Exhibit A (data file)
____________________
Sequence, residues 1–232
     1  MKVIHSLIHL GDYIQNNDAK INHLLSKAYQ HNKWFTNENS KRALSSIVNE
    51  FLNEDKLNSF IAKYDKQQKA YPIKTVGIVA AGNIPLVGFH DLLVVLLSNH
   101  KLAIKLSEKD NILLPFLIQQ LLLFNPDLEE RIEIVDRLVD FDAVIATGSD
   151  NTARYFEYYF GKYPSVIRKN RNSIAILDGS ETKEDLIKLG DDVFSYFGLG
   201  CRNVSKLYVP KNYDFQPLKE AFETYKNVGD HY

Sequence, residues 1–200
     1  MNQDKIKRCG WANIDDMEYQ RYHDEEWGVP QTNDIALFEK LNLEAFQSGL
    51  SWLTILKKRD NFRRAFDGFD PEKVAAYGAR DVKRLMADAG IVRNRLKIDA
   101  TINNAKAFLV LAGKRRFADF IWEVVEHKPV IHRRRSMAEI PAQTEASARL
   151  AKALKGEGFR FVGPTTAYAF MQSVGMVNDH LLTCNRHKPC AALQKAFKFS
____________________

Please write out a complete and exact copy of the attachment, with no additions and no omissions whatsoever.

Sequence, residues 1–232
     1  MKVIHSLIHL GDYIQNNDAK INHLLSKAYQ HNKWFTNENS KRALSSIVNE
    51  FLNEDKLNSF IAKYDKQQKA YPIKTVGIVA AGNIPLVGFH DLLVVLLSNH
   101  KLAIKLSEKD NILLPFLIQQ LLLFNPDLEE RIEIVDRLVD FDAVIATGSD
   151  NTARYFEYYF GKYPSVIRKN RNSIAILDGS ETKEDLIKLG DDVFSYFGLG
   201  CRNVSKLYVP KNYDFQPLKE AFETYKNVGD HY

Sequence, residues 1–200
     1  MNQDKIKRCG WANIDDMEYQ RYHDEEWGVP QTNDIALFEK LNLEAFQSGL
    51  SWLTILKKRD NFRRAFDGFD PEKVAAYGAR DVKRLMADAG IVRNRLKIDA
   101  TINNAKAFLV LAGKRRFADF IWEVVEHKPV IHRRRSMAEI PAQTEASARL
   151  AKALKGEGFR FVGPTTAYAF MQSVGMVNDH LLTCNRHKPC AALQKAFKFS